Determining the Stability of Sugarcane Filtercake Biochar in Soils with Contrasting Levels of Organic Matter
Agriculture 2018, 8(6), 71; https://doi.org/10.3390/agriculture8060071 - 26 May 2018
Cited by 2
Abstract
Sugarcane filtercake is a nutrient-rich residue produced prior to sugarcane distillation and is commonly disposed of by applying directly to agricultural fields, often causing high decomposition and leaching rates. Transforming this material into biochar could improve its stability in the soil. In this [...] Read more.
Sugarcane filtercake is a nutrient-rich residue produced prior to sugarcane distillation and is commonly disposed of by applying directly to agricultural fields, often causing high decomposition and leaching rates. Transforming this material into biochar could improve its stability in the soil. In this 92-day incubation study, filtercake biochar produced at 400 °C (BC400) and 600 °C (BC600) was used to trace biochar stability when mixed with two soils with different organic matter levels: an agricultural field (1.2% carbon (C)) and a forest (2.8% C) soil. Based on δ13C isotope analysis, biochar decreases in the field soil mostly occurred in the coarse silt fraction. In contrast, biochar decreases in forest soil appeared to be more equally distributed in all particle size fractions. A negative priming effect in biochar-amended soils was noticeable, mainly in the forest soil. Cumulative CO2 emissions were greater in soils with BC400 than in those with BC600 for both field and forest soils, while adding biochar increased CO2 emissions only in field soils. This increase did not appear to affect native soil organic matter pools. High-temperature filtercake biochar could thus be a more stable alternative to the current practice of raw filtercake applications. Full article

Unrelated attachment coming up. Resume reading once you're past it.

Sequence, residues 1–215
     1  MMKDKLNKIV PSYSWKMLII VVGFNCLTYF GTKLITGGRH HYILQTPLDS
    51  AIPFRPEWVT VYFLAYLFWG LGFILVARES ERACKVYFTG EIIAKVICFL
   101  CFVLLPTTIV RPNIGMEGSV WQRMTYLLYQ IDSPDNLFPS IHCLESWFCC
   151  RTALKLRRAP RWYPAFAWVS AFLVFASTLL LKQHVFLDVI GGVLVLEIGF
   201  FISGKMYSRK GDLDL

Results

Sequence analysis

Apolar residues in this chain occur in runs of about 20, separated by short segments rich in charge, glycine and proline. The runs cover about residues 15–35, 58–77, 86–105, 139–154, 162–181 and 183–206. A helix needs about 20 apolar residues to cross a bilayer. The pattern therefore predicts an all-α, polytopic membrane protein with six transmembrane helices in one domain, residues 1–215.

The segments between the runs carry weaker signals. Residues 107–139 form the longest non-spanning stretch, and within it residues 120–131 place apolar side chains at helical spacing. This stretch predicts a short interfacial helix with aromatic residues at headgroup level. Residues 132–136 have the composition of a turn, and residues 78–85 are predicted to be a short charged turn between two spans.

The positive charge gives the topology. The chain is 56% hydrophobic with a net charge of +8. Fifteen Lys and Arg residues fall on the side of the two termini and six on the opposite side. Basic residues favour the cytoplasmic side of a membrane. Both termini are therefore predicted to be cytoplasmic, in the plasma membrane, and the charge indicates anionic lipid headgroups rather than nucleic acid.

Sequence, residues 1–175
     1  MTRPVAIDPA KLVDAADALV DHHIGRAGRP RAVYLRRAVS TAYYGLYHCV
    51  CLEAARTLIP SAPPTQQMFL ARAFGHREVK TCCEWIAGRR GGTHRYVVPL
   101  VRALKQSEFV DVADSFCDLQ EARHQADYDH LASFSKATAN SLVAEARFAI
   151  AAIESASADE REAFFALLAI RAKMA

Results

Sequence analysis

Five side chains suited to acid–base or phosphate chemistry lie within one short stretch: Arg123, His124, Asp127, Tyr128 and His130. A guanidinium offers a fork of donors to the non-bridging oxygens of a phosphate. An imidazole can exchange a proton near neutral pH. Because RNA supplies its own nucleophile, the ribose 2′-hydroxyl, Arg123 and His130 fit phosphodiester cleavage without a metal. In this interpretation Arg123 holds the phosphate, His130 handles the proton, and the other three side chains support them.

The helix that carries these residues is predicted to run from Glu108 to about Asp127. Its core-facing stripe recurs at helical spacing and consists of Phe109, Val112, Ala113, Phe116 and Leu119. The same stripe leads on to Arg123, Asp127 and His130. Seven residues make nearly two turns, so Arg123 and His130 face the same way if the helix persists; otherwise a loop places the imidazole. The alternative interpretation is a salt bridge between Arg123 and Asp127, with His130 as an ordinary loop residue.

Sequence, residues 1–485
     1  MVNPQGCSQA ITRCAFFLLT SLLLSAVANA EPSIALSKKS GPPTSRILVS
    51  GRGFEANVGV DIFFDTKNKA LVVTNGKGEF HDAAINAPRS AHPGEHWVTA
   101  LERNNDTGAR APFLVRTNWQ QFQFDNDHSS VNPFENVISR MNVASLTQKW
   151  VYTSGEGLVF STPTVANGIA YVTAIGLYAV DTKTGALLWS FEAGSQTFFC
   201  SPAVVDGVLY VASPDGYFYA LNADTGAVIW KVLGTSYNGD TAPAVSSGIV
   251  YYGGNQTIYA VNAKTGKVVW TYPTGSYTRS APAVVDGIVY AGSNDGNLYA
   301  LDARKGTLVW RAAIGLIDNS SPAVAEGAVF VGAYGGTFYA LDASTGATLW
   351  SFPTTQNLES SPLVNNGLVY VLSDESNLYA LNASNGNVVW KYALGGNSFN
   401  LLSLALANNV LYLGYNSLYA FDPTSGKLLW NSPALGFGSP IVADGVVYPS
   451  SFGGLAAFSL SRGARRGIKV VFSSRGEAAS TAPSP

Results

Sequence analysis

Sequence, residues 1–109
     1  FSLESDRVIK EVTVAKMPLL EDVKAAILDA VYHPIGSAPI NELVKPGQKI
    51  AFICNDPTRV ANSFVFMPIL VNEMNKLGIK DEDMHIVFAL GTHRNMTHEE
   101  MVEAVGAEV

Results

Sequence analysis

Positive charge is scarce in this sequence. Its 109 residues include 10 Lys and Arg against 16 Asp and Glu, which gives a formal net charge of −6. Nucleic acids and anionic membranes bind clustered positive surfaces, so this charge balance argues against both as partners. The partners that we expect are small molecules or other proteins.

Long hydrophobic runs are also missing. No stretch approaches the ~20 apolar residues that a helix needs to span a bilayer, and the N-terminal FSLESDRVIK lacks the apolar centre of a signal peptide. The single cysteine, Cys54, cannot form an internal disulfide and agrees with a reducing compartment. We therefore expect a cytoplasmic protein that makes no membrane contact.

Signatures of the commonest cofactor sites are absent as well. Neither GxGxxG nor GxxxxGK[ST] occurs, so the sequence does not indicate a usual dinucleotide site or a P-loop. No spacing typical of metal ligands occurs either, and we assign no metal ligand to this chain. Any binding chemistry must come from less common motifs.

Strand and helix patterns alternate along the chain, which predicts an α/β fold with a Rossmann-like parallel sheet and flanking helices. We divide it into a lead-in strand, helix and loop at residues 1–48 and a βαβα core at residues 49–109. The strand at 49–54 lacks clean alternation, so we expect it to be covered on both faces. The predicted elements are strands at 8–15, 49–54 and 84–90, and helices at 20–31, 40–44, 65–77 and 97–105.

(This article belongs to the Special Issue Biochar and Soil: What Is behind Its Impacts?)